• I also think Chris was off-base trying to extract information from his roommate. We all hear stories about wives and husbands who don't know his/her spouse is cheating, leading a double life, etc., and those people have selected to get married and live together, usually for years before they find out anything being kept secret or just not discussed between them. Cho CHOSE not to talk to his roommates, so why is it any wonder they didn't know about him? This is a case of a broadcaster doing his best to get a "scoop" because he was interviewing someone who was acquainted with a mass murderer. Often when we hear about a mass murderer, the news media virtually always interviews people who say they were a "loaner" or was quiet or kept to himself. Unfortunately, when it comes to using that characteristic to stop someone from nefarious deeds, one can't help but notice that the world is full of quiet, kind people to are introverted and keep to themselves. You just don't often see how many of those people there are, for the simple reason that they do keep quiet and to themselves.

Michael Chu, April 19th, 2007 at 5:55 pm:

  • Honeybee - I think there was a lot of confusion early on and it wasn't entirely clear to the media and the police that the two shootings (7:15am in the dorm and 9:15am in the classroom) were perpetrated by the same individual. I think it was initially treated as two separate incidents, then later they believed two people may have performed the shootings, and then finally it became clear that Cho did them all. During this time, the media was probably jumping on any suspect and they probably didn't know the boyfriend would become unimportant.

    I do agree that it was appalling for them to so quickly publicize the name of the boyfriend before anything conclusive had come down the pipes. Hopefully, the news plastering his name over national TV will not add to the sorrow and grief he must surely be feeling.

Honeybee, April 19th, 2007 at 6:31 pm:

  • Michael- This was Wednesday night, when the story was known. The story was the police were interviewing "name of the boyfriend is large white letters that filled the screen" when Cho was shooting up the engineering building. My dh said that he hope the boyfriend sues the news station.

Michael Chu, April 19th, 2007 at 9:12 pm:

  • Yeah, there's no excuse for doing that on Wednesday night. Wow.

Lucky Pierre, April 20th, 2007 at 6:06 am:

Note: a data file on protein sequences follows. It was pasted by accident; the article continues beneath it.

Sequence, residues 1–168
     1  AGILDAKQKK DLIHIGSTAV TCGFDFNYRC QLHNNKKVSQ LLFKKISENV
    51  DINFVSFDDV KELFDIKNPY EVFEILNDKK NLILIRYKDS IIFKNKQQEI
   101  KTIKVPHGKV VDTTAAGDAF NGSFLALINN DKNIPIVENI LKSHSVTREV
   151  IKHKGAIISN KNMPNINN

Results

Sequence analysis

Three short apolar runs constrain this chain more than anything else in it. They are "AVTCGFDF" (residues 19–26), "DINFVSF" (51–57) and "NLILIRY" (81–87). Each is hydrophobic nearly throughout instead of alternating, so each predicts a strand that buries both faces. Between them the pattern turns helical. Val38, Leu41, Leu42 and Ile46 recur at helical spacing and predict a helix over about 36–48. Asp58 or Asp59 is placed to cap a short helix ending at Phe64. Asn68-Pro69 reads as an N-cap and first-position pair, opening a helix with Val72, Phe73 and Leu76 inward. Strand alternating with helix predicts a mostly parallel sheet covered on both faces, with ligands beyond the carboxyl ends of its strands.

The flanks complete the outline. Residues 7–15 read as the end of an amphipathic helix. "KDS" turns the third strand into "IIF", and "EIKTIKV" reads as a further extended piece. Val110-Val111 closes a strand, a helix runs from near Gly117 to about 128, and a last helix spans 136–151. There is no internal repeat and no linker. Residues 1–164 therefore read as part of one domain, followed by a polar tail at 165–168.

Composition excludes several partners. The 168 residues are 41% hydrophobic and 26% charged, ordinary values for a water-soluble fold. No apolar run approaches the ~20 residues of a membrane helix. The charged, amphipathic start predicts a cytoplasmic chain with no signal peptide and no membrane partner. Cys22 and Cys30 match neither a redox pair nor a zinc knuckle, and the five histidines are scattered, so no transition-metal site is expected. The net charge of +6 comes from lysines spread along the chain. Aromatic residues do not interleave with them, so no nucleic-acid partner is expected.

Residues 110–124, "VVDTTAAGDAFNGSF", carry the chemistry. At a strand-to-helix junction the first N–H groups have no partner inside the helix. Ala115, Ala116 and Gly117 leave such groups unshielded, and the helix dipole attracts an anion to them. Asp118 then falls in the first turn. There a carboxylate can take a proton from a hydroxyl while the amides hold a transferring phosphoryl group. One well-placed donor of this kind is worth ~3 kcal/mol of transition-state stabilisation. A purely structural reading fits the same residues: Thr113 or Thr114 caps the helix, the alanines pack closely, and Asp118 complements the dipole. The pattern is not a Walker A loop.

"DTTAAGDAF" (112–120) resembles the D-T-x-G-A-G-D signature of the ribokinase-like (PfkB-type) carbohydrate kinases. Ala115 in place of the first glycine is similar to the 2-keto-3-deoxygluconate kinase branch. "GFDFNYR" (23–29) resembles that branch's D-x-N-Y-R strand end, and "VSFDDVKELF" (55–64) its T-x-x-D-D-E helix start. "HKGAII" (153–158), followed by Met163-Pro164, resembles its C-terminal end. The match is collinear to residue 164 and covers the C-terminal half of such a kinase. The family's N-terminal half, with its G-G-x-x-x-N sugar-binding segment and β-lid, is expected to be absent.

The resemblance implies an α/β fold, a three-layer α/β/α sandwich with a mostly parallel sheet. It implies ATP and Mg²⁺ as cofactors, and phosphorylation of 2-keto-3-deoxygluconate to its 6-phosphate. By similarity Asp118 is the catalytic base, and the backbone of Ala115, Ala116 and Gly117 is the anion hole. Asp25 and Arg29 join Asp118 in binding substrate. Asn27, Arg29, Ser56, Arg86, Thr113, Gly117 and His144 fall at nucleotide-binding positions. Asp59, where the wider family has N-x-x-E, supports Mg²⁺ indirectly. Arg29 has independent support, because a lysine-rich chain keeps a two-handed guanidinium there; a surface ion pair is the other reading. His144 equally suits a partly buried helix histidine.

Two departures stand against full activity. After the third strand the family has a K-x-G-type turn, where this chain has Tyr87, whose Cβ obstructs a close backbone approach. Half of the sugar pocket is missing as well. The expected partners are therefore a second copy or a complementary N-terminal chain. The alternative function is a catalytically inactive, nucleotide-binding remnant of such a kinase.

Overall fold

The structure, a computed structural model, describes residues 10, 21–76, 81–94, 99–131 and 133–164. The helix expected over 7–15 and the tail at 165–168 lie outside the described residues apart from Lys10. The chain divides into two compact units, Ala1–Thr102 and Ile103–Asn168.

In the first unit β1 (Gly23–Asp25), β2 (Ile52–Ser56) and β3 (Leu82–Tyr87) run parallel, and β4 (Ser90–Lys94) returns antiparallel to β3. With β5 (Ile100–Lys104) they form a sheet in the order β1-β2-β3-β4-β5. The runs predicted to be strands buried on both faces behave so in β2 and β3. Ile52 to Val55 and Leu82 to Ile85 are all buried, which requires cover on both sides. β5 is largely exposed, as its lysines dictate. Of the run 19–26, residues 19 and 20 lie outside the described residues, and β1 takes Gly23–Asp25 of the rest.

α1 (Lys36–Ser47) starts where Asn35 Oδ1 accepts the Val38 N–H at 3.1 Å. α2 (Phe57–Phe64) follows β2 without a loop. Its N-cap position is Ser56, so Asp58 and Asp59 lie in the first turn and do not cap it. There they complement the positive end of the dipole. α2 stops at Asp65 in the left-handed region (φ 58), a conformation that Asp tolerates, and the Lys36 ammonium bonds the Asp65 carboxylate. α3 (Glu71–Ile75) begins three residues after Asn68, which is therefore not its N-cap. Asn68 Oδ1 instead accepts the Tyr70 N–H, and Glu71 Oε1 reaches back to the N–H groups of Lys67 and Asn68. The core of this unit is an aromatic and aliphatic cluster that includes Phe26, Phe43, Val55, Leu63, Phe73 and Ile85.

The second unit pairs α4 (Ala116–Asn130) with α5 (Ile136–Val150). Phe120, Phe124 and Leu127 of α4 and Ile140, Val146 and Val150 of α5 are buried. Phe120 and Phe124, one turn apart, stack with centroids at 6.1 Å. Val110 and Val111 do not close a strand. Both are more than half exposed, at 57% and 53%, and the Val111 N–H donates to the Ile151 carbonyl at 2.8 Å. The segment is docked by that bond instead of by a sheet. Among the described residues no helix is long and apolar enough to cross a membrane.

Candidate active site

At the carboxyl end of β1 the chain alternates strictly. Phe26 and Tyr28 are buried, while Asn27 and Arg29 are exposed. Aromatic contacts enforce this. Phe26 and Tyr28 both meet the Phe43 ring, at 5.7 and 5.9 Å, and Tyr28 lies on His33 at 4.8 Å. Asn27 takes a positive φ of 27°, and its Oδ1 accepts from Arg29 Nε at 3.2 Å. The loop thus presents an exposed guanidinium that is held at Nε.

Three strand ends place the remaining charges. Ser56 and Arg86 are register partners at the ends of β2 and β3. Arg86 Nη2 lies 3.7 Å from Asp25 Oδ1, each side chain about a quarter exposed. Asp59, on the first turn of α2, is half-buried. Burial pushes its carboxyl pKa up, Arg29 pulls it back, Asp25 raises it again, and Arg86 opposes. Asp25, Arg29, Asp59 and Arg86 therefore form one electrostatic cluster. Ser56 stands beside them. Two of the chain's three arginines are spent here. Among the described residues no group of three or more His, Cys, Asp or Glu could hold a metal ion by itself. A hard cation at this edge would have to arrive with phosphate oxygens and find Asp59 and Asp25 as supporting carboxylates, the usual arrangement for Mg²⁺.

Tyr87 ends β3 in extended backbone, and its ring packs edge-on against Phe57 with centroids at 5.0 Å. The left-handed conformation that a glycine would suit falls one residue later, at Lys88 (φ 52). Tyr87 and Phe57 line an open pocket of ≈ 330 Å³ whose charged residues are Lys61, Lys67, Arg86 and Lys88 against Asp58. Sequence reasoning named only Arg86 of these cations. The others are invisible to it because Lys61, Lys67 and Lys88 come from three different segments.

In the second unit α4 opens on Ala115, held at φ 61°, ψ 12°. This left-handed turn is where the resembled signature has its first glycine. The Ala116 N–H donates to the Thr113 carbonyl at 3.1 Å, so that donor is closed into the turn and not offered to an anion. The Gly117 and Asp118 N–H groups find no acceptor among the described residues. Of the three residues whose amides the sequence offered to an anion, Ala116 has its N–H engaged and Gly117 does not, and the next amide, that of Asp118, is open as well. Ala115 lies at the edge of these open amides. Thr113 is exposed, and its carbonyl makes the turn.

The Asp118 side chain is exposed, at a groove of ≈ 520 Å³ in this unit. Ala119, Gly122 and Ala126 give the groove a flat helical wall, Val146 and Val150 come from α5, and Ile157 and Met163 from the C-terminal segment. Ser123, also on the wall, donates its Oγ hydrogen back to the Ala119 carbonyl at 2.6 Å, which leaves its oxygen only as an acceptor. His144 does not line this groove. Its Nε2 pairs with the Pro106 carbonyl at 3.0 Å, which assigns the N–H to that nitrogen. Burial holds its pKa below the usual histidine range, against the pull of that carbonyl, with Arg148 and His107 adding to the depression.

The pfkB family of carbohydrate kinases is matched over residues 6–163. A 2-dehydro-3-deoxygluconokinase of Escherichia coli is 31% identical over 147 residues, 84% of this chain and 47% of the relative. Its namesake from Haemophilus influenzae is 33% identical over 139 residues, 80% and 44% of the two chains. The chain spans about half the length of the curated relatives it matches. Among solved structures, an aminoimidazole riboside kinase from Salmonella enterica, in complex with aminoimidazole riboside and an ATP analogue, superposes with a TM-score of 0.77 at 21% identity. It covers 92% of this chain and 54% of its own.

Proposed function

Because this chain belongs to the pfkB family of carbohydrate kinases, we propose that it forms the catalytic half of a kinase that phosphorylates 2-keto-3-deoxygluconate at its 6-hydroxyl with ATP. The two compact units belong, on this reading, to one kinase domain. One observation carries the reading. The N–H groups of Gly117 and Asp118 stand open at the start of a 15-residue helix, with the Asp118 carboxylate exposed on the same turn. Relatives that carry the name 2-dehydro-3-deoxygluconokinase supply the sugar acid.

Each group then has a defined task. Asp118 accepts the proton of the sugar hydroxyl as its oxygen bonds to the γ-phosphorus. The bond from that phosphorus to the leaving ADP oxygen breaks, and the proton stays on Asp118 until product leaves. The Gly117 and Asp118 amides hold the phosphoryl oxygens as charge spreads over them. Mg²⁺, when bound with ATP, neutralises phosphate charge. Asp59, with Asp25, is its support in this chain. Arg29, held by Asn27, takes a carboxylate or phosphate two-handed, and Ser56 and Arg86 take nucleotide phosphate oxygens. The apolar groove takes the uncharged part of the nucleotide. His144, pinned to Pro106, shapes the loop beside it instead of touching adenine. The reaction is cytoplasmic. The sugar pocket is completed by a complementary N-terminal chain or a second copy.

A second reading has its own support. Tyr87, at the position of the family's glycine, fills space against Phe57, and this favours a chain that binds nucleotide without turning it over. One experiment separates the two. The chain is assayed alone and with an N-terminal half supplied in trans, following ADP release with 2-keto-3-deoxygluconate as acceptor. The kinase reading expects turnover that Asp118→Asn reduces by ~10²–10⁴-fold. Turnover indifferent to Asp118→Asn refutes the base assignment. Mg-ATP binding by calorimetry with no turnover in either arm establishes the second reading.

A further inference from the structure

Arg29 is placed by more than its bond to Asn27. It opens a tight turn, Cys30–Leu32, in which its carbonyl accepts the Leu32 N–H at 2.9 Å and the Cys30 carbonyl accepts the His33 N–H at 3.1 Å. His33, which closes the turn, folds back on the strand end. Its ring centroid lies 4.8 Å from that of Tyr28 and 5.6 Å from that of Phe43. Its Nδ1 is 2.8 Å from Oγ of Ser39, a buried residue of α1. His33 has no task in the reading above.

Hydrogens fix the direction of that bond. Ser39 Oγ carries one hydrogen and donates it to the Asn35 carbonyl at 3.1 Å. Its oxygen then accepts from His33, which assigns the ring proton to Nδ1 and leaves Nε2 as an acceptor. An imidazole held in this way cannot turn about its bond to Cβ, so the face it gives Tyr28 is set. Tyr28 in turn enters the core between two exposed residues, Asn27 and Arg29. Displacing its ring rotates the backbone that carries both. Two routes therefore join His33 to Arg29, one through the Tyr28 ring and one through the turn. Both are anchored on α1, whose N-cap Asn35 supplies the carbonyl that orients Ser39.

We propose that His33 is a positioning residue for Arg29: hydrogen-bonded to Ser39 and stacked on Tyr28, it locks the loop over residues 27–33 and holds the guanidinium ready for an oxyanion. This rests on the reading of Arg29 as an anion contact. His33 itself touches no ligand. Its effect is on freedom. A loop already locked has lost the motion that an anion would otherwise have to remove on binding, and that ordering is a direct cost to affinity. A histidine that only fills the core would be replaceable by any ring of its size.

• I have to agree with you. Chris Mathews, and too many like him, push their own unfounded theories for which they have little or no qualification. The networks should all clean up their acts, and stick to reporting the news and leave the analysis to real knowledgeable experts - after the facts are known. It's sickening listening to stupid reporters trying to manipulate the responses from VT students by the way they frame their questions, and then cutting them off when the response is not to their liking.

Molly, April 20th, 2007 at 6:57 am:

  • I laughed out loud when CM said "I don't want to ask a leading question here but…."

Sue, April 21st, 2007 at 6:30 pm:

  • I, too, was sickened by most of the comments Chris Matthews made, especially when he essentially condones ostracizing extremely shy, introverted individuals! Karan didn't know at the time what Cho would
    eventually do. For Matthews to say he would have asked for a change of roommates (if he were in Karan's "situation") just because his roommate "kept to himself" is cruel and could push someone who's near the edge even closer to it. Matthews made lots of other juvenile, mean-spirited comments in that interview (had to write Hardball to express my disgust).

Michael Chu, April 24th, 2007 at 2:22 am:

Alice, April 24th, 2007 at 2:30 pm:

  • USA Today has been just as irresponsible (playing with the facts).
    As tragic as it is, it's not "the worst mass killing ever" - not even in the US, not even limited to schools.

    These types of 'journalists' will argue any side as long as they think there is chance of getting a good emotional clip.

Angi, April 19th, 2009 at 8:53 pm:

  • Holy crap. Really, I know plenty of introverted people in my college. Myself included, I would rather read a book than listen to my roommates blather on about their boyfriends and their sex life, or how much they partied the night before.

    Sheesh. Blame it on the ill adjusted, why don't you?